Tools: Cool Tool Innovations – On the House

Tools: Cool Tool Innovations

By on October 24, 2015

As you may already know we are tool lovers from the word go, and both of us are completely and totally fascinated by innovations that make any tool easier and more convenient to use. Getting the right tool for the job isn’t always as simple as you might think. For example: As far as we are concerned the most powerful and durable circular saw on earth is manufactured for use by carpenters. But, unless you are a carpenter yourself — or full time tradesperson such a tool would probably not be the sensible choice for you. And there are many reasons why. Basically tools made for the “trades” or for “commercial use” are usually overkill for most DIY’ers, hobbyists and part time fix-it buffs. Here’s why:

  • Commercial grade tools reside at the top of the food chain when it comes to price. You’ll pay through the nose for one no matter what type of tool it is.
  • To make a commercial tool durable enough to take a beating 24/7 it is made of materials that make it incredibly heavy. If you aren’t professional weight lifter this can be a real problem.
  • They are also large and bulky. Besides being heavy they are big. Literally — really big – large! Not meant for use in tight places.
  • Commercial tools require frequent maintenance. Sure it will last longer if you can easily change the brushes and/or oil, but who wants that in their life.
  • Commercial grade tools are far more powerful than the kinds that are needed for most home projects. But all that power can also be a problem. Sometimes a tool can be more powerful than is safe for “regular folks”. Carpentry, for example, is an extremely physical vocation. Most carpenters are incredibly strong. Keeping a high powered saw from kicking back (and cutting something) or a heavy duty drill from twisting a wrist off is a FULL TIME job for even the strongest tradesperson. In fact the danger of being cut by a circular saw is always foremost in the mind of the person using the saw.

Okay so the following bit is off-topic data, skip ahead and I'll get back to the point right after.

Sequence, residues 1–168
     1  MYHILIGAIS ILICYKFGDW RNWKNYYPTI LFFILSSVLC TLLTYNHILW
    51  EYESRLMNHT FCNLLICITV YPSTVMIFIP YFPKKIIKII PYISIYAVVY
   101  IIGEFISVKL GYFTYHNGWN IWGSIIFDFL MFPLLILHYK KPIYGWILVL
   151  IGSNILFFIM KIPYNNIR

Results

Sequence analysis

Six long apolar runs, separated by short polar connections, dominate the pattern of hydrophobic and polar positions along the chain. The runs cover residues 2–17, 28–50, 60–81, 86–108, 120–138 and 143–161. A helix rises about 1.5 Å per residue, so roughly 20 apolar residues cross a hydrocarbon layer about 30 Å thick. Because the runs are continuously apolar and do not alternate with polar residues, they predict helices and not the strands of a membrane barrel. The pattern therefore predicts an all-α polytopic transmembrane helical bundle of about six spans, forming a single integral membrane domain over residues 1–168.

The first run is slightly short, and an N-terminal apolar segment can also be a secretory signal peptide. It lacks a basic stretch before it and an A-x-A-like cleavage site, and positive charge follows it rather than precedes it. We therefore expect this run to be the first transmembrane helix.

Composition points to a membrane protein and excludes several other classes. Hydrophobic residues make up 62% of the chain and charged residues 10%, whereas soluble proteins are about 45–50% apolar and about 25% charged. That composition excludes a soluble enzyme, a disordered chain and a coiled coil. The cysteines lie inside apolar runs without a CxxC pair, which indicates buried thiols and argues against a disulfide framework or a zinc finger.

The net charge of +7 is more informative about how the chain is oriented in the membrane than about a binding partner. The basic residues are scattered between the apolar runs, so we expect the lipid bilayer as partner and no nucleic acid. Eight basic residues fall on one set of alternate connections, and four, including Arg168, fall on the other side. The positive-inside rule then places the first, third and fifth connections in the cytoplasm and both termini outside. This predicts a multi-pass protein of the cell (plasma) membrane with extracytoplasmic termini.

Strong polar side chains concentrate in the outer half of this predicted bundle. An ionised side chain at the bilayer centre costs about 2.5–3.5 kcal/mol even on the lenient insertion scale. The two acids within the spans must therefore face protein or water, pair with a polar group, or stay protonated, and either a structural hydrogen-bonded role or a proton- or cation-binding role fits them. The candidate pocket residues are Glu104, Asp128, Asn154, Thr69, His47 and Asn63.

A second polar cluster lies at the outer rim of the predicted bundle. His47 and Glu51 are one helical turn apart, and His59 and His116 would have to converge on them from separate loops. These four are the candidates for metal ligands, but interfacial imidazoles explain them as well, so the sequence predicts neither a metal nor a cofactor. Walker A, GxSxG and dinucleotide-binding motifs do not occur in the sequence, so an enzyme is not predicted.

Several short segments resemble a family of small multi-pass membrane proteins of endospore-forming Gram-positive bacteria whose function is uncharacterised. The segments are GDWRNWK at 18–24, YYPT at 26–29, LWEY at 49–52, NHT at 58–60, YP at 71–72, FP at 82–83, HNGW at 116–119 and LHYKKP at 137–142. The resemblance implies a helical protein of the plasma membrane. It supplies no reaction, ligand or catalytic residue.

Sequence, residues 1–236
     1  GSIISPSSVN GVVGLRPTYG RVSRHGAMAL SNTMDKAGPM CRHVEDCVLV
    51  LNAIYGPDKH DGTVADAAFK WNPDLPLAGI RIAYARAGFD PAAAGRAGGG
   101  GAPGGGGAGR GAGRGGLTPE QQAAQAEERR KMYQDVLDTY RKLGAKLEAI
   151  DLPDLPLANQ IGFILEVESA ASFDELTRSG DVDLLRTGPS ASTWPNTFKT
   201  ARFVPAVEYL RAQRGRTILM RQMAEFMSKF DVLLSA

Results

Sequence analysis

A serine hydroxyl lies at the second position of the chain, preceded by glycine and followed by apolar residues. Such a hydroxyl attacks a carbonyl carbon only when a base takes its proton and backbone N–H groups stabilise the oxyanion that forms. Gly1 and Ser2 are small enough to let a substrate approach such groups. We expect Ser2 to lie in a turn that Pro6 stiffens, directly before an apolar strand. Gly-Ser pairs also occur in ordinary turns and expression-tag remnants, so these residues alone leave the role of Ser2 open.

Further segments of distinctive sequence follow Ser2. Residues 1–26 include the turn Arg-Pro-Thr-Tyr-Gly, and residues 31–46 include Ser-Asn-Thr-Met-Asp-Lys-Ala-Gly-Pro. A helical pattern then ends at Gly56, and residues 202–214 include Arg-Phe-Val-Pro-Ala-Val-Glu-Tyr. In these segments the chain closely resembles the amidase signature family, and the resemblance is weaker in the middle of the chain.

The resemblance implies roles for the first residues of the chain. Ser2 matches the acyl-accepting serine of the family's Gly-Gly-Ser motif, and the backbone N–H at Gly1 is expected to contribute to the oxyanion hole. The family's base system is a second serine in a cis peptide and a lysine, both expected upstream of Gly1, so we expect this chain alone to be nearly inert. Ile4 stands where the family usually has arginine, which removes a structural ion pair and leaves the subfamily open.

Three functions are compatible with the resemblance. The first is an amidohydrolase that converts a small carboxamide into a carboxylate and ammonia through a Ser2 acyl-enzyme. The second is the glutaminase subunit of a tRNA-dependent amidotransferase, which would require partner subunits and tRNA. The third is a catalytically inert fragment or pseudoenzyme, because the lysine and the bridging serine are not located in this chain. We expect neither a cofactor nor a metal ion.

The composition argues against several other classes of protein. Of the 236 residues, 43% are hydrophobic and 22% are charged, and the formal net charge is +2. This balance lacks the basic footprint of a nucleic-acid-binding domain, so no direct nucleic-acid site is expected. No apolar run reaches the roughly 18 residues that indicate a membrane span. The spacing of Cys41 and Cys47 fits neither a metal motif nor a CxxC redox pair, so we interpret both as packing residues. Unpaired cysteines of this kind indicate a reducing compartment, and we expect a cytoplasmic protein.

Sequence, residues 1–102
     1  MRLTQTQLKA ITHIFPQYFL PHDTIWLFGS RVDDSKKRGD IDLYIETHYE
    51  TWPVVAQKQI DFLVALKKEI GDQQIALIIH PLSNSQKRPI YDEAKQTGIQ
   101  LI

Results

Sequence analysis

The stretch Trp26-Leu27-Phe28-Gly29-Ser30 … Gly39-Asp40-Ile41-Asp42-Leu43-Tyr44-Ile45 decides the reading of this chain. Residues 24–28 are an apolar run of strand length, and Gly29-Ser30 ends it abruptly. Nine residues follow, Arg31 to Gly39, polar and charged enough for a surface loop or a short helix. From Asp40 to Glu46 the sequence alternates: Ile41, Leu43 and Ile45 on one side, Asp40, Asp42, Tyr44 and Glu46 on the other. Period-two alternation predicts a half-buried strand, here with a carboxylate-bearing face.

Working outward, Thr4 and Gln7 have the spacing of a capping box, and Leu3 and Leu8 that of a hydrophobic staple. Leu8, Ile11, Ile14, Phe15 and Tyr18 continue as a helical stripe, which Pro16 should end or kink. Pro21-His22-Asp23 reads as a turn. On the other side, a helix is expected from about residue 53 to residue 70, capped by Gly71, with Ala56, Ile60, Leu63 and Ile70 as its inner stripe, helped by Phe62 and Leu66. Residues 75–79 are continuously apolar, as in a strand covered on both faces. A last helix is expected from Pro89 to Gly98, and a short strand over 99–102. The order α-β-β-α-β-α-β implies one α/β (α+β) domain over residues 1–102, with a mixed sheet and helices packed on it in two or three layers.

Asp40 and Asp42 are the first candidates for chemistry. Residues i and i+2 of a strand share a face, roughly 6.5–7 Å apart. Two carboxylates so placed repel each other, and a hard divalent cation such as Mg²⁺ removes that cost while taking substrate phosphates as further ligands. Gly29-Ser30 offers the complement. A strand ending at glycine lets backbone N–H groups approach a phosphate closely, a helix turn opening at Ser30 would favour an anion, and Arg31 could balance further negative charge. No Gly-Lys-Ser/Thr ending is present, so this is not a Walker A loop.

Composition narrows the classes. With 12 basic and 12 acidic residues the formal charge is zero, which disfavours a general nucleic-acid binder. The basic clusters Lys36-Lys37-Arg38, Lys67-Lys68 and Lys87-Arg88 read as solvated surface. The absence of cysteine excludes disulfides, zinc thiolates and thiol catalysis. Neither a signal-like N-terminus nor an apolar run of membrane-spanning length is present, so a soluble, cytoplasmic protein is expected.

• Versatility is another problem with the tools the pros use. Most pro’s tools are job-specific. One tool is purchased for one job and one job only. Eight tasks eight tools – O.K. if you have a large work shop and storage area. Keep in mind that “tool nut” and master carpenter Norm Abrams’ Yankee work shop is bigger than his home.

Bottom line…one person’s castle can be another’s prison. When it comes to tools the best is what most suits your needs. 24-volt battery operated power tools are best left to those who need wrist-twisting power. On those rare occasions when you need that kind of power – rent. The rest of the time 9-, 12- or 14-volt tools offer a varied range of power (depending on the task – and they are generally lighter-in-weight and easier-to-store. These are the ones that you will want to search out.

Here’s what to look for:

  • Buy a well known brand. Tool manufactures that have been around forever are not there because they make junk. A well known brand will usually insure that you get a well made tool that will offer more than reasonable lasting quality. You certainly don’t want a tool that will fall apart before you get it home.
  • It must be reasonably priced – comparatively speaking. For the price of a commercial grade circular saw you can purchase several home-grade tools.
  • The tool must be light in weight – again – this is a relative comparison. If you are a carpenter or a weight lifter your perception of heavy will be substantially different than that of someone of normal stature. The tool should be one that you yourself can easily lift. Keep in mind that each time you use a tool the longer you operate it the heavier it gets – no matter how light it seems when you begin it is always heavier at the end of the day. Here’s a great test: Grip the handle of the tool and hold it out at arm’s length. Keep it there for about 20 seconds or more. Once you’ve experienced this test you’ll be even more cautious as you shop.
  • You want a tool that will do the job, but you don’t want one that will do a job on you.
  • Buy entry level tools first time round. They are inexpensive and will give you a chance to test your skills not to mention an opportunity to survey frequency of use. You can always step up to mid-range durability if need be.
  • Make sure that you get the very most versatility you can for every dollar you spend. For example: one tool company offers a single power unit that can drive multiple tools. A tool of this type can be a real space saver and a money maker for the home team. The drive motor actually powers 5 different tools: 1) an electric screwdriver/drill, 2) a jig saw, 3) a detail sander/polisher, 4) a router, and believe it or not, 5) a circular saw as well. Hey, finding tools for home repairs doesn’t have to be brain surgery.

So, keep in mind that the fascinating looking tools that a carpenter uses can be a problem for a person of average stature and strength. Both of us have had our wrists twisted – and that was back in the days when we were both in peak condition. As we get older (and hopefully wiser) we tend to look for the lightest tool that will effectively do the job and one that has good balance and ergonomic construction.

For more home improvement tips and information search our website or call our listener line any time at 1-800-737-2474! All you need to do is leave your name, telephone number and your question.

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